Superhero comics are one of the most common genres of American comic books. The genre rose to prominence in the 1930s and became extremely popular in the 1940s and has remained the dominant form of comic book in North America since the 1960s. Superhero comics feature stories about superheroes and the universes these characters inhabit.
Beginning with the introduction of Superman in 1938 in Action Comics #1 — an anthology of adventure features — comic books devoted to superheroes (heroic people with extraordinary or superhuman abilities and skills, or god-like powers and attributes) ballooned into a widespread genre, coincident with the beginnings of World War II and the end of the Great Depression.
In comics format, superpowered and costumed heroes like Popeye and The Phantom had appeared in newspaper comic strips for several years prior to Superman. The first fully-masked hero The Clock first appeared in the comic book Funny Pages #6 (Nov. 1936).
The Golden Age (c. 1938 – c. 1950)Edit
In the Great Depression and World War II era, the first superhero comics appeared, the most popular being Superman, Batman, Captain Marvel, Wonder Woman and Captain America.
After World War II superhero comic books gradually declined in popularity, their sales hindered in part by the publication of Seduction of the Innocent and the investigations of The Senate Subcommittee hearings on juvenile delinquency. By 1954 only three superheroes still had their own titles; Superman and Batman, who also costarred in World's Finest Comics, and Wonder Woman.
The Silver Age (c. 1956 – c. 1970)Edit
Beginning in the 1950s, DC began publishing revised versions of their 1940s superhero characters such as The Flash and Green Lantern with more of a science fiction focus. Marvel Comics followed suit in the 1960s, introducing characters such as Spider-Man, the Fantastic Four, the Hulk, Thor, the X-Men and Iron Man who featured more complex personalities which had more dramatic potential.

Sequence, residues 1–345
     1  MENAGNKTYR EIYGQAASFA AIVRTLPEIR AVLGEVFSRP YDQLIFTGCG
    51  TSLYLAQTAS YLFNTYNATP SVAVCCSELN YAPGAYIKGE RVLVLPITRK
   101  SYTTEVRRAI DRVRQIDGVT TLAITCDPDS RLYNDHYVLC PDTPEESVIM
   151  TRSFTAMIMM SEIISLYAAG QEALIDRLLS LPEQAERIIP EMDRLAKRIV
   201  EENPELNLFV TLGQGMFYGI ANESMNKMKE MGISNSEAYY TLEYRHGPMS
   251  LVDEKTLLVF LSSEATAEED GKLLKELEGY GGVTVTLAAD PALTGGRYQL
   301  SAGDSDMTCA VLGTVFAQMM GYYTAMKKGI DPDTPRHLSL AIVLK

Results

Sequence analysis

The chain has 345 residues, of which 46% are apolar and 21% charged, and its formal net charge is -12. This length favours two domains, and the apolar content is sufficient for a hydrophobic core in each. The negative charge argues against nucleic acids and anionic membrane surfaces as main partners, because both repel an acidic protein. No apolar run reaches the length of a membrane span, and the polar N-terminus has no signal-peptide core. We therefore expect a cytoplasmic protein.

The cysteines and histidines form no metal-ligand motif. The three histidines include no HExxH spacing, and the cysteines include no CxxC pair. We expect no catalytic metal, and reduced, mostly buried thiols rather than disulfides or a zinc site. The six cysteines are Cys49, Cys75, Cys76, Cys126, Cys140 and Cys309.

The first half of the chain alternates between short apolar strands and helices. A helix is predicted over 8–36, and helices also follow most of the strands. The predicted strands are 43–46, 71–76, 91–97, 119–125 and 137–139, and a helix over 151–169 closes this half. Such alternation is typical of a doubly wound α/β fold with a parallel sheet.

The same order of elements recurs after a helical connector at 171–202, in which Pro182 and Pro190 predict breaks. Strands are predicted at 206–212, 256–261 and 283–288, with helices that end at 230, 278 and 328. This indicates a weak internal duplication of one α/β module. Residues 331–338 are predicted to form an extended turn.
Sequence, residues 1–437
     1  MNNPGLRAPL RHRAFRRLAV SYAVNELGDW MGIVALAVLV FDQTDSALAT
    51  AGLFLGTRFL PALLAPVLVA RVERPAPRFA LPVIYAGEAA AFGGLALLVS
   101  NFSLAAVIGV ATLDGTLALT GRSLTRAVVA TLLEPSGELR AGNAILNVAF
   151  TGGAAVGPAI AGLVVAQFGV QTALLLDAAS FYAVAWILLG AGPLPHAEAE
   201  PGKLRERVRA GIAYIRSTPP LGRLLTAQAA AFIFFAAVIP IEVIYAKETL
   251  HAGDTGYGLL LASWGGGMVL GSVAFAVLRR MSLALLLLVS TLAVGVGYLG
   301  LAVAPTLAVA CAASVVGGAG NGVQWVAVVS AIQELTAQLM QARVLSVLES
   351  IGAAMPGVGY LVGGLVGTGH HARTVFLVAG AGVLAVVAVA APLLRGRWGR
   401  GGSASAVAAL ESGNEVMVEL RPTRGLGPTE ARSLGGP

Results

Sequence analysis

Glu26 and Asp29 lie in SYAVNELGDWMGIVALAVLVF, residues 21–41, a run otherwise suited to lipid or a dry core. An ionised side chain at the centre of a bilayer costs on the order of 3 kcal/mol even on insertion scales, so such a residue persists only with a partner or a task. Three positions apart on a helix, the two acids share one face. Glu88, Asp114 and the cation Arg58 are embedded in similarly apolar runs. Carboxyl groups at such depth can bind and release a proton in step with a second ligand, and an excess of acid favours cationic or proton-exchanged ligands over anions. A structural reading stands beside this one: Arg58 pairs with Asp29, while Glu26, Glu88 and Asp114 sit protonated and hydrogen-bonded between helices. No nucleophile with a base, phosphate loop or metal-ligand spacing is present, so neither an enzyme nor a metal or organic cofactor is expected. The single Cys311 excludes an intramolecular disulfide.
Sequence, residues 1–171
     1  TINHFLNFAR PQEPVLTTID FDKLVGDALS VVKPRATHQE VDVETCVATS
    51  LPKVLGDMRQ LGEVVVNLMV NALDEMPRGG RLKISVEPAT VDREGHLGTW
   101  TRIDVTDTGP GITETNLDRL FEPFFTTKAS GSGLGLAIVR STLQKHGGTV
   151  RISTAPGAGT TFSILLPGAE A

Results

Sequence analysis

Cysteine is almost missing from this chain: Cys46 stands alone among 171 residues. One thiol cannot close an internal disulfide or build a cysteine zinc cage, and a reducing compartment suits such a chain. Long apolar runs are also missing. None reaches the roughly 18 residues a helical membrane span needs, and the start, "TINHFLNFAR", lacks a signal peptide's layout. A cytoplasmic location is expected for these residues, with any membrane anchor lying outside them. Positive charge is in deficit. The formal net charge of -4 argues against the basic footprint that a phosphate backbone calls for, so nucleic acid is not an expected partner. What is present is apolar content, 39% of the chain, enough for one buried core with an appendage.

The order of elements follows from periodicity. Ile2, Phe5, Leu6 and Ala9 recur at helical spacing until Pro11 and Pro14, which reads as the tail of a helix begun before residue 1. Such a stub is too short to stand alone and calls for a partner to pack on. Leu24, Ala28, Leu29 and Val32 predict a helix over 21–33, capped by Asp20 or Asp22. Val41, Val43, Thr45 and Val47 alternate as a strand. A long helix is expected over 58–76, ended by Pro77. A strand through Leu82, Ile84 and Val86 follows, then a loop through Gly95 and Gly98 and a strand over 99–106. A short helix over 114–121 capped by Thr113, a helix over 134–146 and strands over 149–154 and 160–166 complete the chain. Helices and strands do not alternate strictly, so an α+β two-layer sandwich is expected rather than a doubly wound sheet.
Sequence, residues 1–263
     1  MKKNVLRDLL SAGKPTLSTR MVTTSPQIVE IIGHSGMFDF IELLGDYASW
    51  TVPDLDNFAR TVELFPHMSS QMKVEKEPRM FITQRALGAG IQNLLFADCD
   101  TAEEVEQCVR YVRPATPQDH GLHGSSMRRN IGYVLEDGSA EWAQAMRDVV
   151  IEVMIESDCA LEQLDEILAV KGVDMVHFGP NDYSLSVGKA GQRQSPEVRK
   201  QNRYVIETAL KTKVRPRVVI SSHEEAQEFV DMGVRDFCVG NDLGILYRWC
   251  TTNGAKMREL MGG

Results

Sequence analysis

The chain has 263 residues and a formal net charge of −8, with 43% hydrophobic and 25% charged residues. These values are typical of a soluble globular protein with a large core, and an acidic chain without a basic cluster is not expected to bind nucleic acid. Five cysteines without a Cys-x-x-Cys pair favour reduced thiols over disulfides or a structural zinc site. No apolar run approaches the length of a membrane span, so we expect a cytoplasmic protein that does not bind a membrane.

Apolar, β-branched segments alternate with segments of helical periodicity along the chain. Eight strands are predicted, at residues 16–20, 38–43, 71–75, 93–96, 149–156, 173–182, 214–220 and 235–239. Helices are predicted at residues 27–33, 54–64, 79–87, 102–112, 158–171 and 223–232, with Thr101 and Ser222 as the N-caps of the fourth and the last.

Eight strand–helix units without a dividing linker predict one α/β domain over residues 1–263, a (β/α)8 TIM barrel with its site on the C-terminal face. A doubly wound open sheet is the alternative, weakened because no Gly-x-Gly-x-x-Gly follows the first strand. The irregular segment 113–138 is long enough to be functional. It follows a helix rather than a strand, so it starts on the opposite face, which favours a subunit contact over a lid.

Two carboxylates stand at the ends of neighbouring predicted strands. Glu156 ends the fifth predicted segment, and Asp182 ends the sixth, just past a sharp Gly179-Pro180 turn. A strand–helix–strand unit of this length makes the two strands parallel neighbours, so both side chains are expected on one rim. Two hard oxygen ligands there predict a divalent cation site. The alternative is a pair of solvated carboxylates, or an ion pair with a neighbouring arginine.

The Bronze Age (c. 1970 – c. 1985)Edit
Superhero comics became much more political and dealt with social issues as in the short-lived run of Green Lantern/Green Arrow by Denny O'Neil and Neal Adams and the Captain America story arc of the superhero's political disillusionment by Steve Englehart. This was eventually supplanted by more sophisticated character driven titles of The Uncanny X-Men by Chris Claremont and John Byrne for Marvel and The New Teen Titans by Marv Wolfman and George Pérez for DC. Anti-hero themes became popular with appearances of the Punisher, Wolverine, Ghost Rider and a 1980s revival of Daredevil by Frank Miller.
The Modern Age (c. 1985 – present)Edit
Superhero Comics became darker with the release of landmark deconstructive works such as Watchmen and The Dark Knight Returns, which led to many imitations. The late 80s to early 90s saw the rise of successful new characters including the Teenage Mutant Ninja Turtles and the anti-hero Spawn which were predominantly creator owned as opposed to Marvel and DC's which were corporate owned. The comic book mini series Kingdom Come brought an end to the popularity of the anti-hero and encouraged instead a reconstruction of the genre with superhero characters that endeavored to combine artistic and literary sophistication with idealism.
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